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Algae technology aiding aquaculture sustainability and food security

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Publication Date: 
October 2020

Case study from: International research collaboration

Aquaculture is the fastest growing food production sector globally, and in the Southeast Asian region in particular.

L. vannamei, or the Pacific white shrimp, is one of the most produced aquaculture species. It grows quickly and tolerates high salinity and culture density, which is common in Southeast Asia.

Sustainability in intensive cultivation regimes with high density growth cultures is the major challenge to maintaining food security. It is also a challenge for improving livelihoods for agricultural communities.

Inconsistencies in yields and quality lead to economic losses. This affects in-country food supply and export potential.

Factors impacting yield are:

  • poor water quality
  • misuse of chemicals
  • resistant pathogens.

Pacific Bio, an Australian aquaculture and biotechnology company, and James Cook University have developed an algae bioremediation system. It uses local green macroalgae to remove nitrogen and phosphorus from water. The system improves water quality.

In Australia, testing of the efficiency of this treatment took place in:

  • municipal treatment plants
  • aquafarms
  • a range of industrial settings.

The technology was deemed successful, efficient and economically viable.

Global Innovation Linkages program

In 2016 Pacific Bio partnered with Viet-UC, a leading Vietnamese shrimp producer.

This was possible with the support of a Global Innovation Linkages (GIL) grant. The GIL grant was over $850,000.

Researchers from James Cook University and the University of New South Wales (UNSW) also joined the project. They provided expertise in algae and water nutrient analysis.

Domestic and international partners of Bio Pacific contributed more than $1 million to the project. This exceeded the GIL program minimum requirement of 50% matched funding.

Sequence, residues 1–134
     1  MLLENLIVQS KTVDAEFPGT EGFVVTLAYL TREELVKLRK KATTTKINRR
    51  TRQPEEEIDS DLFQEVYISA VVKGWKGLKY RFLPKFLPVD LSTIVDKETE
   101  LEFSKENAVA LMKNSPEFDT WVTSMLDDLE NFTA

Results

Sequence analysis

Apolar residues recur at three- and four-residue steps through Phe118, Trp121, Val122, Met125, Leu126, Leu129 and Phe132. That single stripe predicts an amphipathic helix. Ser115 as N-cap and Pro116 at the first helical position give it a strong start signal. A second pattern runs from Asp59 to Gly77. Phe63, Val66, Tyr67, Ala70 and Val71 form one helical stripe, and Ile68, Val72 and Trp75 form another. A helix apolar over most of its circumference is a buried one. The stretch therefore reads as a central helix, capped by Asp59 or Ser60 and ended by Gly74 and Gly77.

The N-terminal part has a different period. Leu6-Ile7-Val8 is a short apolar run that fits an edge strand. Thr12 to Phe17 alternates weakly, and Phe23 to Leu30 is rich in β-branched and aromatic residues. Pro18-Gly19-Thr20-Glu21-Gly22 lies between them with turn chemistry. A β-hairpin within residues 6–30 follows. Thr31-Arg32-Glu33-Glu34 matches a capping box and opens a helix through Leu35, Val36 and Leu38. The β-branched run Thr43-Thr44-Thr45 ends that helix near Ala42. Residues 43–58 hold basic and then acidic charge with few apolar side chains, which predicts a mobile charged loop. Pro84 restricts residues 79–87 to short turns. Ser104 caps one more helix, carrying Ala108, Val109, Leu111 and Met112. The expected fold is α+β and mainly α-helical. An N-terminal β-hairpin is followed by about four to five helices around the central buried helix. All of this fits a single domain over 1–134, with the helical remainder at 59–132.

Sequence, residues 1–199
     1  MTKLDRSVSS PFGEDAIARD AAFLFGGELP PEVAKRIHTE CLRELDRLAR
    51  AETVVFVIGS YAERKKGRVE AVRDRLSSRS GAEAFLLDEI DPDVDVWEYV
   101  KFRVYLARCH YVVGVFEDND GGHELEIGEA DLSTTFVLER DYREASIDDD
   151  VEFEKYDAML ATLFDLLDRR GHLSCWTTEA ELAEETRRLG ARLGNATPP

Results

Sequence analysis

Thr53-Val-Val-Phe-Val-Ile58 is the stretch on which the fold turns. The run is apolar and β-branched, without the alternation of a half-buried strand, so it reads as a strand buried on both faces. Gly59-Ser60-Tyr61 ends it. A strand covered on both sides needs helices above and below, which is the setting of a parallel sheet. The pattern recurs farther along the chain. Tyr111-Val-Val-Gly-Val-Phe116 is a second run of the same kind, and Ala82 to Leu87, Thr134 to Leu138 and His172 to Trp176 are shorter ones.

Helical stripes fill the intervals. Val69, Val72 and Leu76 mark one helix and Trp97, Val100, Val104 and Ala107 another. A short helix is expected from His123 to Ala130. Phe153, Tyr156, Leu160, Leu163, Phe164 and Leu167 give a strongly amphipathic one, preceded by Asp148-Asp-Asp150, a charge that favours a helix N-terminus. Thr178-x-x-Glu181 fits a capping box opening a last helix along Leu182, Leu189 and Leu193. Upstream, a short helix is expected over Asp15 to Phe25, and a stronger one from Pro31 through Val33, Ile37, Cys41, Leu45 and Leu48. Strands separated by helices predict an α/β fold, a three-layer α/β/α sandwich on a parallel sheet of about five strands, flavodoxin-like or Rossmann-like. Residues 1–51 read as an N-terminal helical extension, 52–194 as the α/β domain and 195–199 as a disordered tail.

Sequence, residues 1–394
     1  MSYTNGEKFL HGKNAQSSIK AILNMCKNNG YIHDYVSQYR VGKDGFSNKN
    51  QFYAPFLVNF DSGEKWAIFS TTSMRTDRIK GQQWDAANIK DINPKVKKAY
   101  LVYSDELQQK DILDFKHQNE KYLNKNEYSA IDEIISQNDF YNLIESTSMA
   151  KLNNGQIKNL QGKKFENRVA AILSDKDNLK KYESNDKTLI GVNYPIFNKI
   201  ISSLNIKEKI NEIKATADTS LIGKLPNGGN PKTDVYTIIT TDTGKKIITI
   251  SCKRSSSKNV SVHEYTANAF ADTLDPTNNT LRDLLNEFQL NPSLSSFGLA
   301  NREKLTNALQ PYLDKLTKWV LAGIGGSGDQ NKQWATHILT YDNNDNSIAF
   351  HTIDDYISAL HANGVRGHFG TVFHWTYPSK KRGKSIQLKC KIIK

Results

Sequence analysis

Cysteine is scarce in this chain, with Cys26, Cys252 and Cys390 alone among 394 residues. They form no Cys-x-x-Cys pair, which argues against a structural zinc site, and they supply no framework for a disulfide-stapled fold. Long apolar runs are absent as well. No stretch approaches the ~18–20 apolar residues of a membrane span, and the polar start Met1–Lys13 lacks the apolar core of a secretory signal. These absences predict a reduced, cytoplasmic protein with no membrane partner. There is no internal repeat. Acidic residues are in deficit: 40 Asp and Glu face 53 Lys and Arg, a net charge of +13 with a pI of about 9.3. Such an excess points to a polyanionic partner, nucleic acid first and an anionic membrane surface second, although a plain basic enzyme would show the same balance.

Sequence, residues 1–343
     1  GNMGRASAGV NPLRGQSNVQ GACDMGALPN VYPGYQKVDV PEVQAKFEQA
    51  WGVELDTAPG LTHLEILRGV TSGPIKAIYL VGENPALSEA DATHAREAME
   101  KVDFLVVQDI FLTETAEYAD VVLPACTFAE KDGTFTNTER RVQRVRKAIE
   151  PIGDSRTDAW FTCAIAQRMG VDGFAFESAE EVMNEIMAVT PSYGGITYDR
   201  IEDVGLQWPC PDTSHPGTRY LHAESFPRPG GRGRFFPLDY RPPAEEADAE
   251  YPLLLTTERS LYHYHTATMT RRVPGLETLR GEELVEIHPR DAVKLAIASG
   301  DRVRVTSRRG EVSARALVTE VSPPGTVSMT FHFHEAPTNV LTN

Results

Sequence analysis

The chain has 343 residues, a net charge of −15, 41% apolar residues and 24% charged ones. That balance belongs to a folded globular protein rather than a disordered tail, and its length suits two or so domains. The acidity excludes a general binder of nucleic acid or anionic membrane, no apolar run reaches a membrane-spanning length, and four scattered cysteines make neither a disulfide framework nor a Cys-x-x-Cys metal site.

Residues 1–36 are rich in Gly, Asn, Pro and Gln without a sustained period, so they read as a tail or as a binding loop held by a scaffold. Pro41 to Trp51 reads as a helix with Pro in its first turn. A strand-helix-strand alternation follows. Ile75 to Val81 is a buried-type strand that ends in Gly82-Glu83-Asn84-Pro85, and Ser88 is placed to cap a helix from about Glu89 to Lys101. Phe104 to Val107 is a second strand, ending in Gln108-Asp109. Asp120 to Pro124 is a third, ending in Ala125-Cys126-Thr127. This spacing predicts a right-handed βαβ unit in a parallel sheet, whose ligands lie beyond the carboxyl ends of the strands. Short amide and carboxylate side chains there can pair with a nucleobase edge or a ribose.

Together, the partners tested the bioremediation technology outside of Australia.

Trials ran at the Viet-UC shrimp growing facility in Vietnam. They also took place in the AVA Marine Aquaculture Centre in Singapore.

Testing established that the Pacific Bio technology is safe for shrimp farming.

The technology enables more sustainable farming practices by:

  • including algae (Ulva lactuca) in the feed
  • minimising the use of antibiotics and chemicals.

The technology also boosts the shrimps’ immune system and results in higher productivity and yield per square metre.

The improvement of the shrimps’ health, colour and size leads to a more desirable product.

Two people standing in front of a shrimp farm.

Long-term global partnership

The partnership between the Australian and Vietnamese businesses has generated valuable intellectual property. It also led to globally marketable outcomes for both partners.

The technology will help Pacific Bio establish themselves in Southeast Asian region. It will increase sustainability and improve farm practices. For Viet-UC the partnership means an opportunity to enter the Western market.

The participants in this GIL project are looking forward to further collaboration.

Pacific Bio, the UNSW Centre of Marine Bio-Innovation and the Mark Wainwright Analytical Centre, will continue working together. Their focus will be on bacterial communities in the water and gut bacteria of shrimps.

Pacific Bio also values their relationship with the world leader in algae research, the Centre for Macroalgal Resources and Biotechnology at James Cook University.

The roll-out of the technology will establish new partnerships. Australia and global businesses can work to improve food security and sustainability.

Team leaders

Australian Team Leader:
Dan Mulder
Pacific Bio

International Team Leader:
Lam Dinh,
Viet-UC

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